For experts: de Sitter and anti de Sitter space are examples of homogeneous spaces, which are—in some special sense—the same everywhere.
Now that we know what curvature is and what shapes our universe can take, how do we figure out which universe we actually live in? The simplest way is by measuring angles. Imagine drawing an enormous triangle on the Earth, as shown below. Start at the equator and travel along some line of longitude until you reach the North Pole. Next, go down another line of longitude that’s ninety degrees east of your original path until you reach the equator again. Finally, walk along the equator to where you started. The lines you’ve drawn are the straightest lines it is possible to draw on the Earth; the shape you’ve drawn is as close to a perfect triangle as you can get. Incidentally, this is why airplanes going from New York to London fly over the North Pole; their path travels along these straightest possible lines.
But the angles in our Earth-triangle are too large! Each angle is ninety degrees, which means that the interior angles of our triangle add up to 270 degrees! What’s going on? We’re seeing the effects of non-Euclidean geometry. The interior angles of a triangle only add up to the normal 180 degrees if the triangle is drawn on a flat surface. If the surface has positive curvature, the interior angles will always add up to more than 180 degrees. If the surface has negative curvature, the interior angles will always add up to less than 180 degrees.
So… What IS the Curvature of Spacetime?
Simply put, we still don’t know. Experiments tell us that spacetime near Earth is pretty much flat. However, that doesn’t mean the entire universe is flat. Just like the Earth appears flat for those of us who live on it, the universe may appear flat because we can’t see far enough away. If the universe is big enough, relatively small areas of it would appear flat even if the whole thing were quite curved. If the theory of inflation is correct and the universe is even more unimaginably huge than we already thought, we will never know the overall shape of the universe, because it will always appear locally flat to us. (On top of that, because the universe is expanding–and this expansion is accelerating—it will look more and more like de Sitter space as it gets older.)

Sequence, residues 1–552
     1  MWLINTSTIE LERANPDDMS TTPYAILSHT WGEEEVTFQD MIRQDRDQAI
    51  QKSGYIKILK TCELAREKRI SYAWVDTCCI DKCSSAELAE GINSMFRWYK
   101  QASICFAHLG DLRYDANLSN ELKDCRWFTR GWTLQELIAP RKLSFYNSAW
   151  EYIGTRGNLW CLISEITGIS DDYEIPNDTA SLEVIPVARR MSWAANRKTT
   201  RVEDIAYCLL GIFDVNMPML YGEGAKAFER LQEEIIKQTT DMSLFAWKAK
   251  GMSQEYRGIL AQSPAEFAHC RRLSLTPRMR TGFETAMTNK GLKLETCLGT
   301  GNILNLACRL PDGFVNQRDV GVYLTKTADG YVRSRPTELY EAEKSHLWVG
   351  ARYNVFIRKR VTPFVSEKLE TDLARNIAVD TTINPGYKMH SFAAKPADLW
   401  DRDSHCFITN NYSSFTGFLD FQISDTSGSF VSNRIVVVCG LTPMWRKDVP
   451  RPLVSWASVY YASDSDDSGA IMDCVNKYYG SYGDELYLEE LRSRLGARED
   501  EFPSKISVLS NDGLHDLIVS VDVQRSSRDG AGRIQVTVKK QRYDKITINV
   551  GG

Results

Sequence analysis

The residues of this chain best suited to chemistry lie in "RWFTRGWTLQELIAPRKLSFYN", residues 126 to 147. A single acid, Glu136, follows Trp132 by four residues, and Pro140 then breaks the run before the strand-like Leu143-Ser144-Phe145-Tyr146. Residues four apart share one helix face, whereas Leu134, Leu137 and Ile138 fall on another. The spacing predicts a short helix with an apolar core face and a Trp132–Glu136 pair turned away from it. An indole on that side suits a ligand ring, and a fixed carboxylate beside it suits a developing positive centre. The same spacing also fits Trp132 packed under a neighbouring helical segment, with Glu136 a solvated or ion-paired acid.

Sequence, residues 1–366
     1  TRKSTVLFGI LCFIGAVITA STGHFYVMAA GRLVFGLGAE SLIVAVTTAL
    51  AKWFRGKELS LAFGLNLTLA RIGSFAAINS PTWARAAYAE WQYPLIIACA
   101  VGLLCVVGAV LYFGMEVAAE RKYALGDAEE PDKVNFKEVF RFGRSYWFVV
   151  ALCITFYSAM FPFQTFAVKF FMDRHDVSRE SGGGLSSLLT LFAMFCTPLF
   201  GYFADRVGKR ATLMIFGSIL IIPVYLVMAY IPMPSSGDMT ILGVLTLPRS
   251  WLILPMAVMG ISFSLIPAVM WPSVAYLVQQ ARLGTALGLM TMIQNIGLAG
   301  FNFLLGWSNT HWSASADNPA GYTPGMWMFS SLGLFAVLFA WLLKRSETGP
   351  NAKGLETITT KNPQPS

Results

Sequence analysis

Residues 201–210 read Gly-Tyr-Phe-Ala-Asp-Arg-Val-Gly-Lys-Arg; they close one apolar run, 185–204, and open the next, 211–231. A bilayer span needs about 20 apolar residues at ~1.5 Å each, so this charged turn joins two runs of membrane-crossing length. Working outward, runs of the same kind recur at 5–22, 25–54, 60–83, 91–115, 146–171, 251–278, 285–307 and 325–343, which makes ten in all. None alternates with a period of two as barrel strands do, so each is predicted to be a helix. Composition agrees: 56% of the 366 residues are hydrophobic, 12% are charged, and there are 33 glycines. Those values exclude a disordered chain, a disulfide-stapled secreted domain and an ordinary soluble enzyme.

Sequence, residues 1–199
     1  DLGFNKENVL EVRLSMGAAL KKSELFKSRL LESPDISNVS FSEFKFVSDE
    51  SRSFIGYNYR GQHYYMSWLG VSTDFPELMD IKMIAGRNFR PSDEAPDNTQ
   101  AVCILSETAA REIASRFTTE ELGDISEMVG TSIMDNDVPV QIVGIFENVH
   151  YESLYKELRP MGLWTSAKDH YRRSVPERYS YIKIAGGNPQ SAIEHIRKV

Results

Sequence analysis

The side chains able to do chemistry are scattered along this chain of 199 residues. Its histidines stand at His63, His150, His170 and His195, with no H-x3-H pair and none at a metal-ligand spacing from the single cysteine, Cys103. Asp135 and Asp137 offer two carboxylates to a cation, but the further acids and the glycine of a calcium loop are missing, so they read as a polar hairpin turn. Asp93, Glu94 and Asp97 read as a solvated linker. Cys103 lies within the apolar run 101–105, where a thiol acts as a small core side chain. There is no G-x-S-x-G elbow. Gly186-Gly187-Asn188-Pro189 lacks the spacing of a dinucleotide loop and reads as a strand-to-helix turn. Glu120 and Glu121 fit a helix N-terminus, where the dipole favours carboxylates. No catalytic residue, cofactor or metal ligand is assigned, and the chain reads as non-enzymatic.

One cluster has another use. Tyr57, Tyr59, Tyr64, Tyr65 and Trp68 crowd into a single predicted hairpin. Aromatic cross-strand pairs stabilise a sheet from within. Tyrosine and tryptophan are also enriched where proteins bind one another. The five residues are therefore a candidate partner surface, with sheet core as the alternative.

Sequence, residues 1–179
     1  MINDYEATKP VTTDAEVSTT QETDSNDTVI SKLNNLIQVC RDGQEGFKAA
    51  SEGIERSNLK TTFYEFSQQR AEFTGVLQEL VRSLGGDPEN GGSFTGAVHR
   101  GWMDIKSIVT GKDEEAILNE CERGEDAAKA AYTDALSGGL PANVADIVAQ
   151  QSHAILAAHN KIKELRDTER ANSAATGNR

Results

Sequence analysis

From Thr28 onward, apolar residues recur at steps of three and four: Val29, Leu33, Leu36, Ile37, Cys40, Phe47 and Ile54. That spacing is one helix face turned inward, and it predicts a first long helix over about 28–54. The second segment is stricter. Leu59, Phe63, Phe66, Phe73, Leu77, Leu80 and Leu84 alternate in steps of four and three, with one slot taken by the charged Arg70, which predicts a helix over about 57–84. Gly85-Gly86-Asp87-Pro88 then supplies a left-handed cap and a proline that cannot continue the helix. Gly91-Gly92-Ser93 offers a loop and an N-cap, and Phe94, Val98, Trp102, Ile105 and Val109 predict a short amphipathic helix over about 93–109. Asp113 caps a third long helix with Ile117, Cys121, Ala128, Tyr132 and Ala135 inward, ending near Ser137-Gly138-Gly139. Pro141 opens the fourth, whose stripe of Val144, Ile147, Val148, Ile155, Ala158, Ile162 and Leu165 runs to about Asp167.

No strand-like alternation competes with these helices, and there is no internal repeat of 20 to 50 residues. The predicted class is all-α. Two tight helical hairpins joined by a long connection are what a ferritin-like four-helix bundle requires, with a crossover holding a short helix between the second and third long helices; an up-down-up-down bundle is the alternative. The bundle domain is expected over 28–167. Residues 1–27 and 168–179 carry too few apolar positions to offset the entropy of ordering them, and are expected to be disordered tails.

Where to start? Differential geometry is a pretty technical topic and I’m not sure there any informal resources on it. I’m sure there are some nice popular-science books scattered around, but I haven’t run across any, so I can’t recommend a particular one. Here’s what I could dig up.
- MIT has some free course materials on the topic. You should know linear algebra and multivariable calculus.
- An explanation of more classical non-Euclidean geometry in the context of H.P. Lovecraft’s Cthulhu mythos.
- I recommended Flatland before, and I’ll recommend it again.
- A TED lecture by Sir Roger Penrose.
- A bit of history: Newton and Leibniz on the subject.
If anyone can find any better popular resources, I’d appreciate a heads up!
Questions? Comments? Hatemail?
As always, if you have any questions, comments, corrections, or insults, please don’t hesitate to let me know in the comments!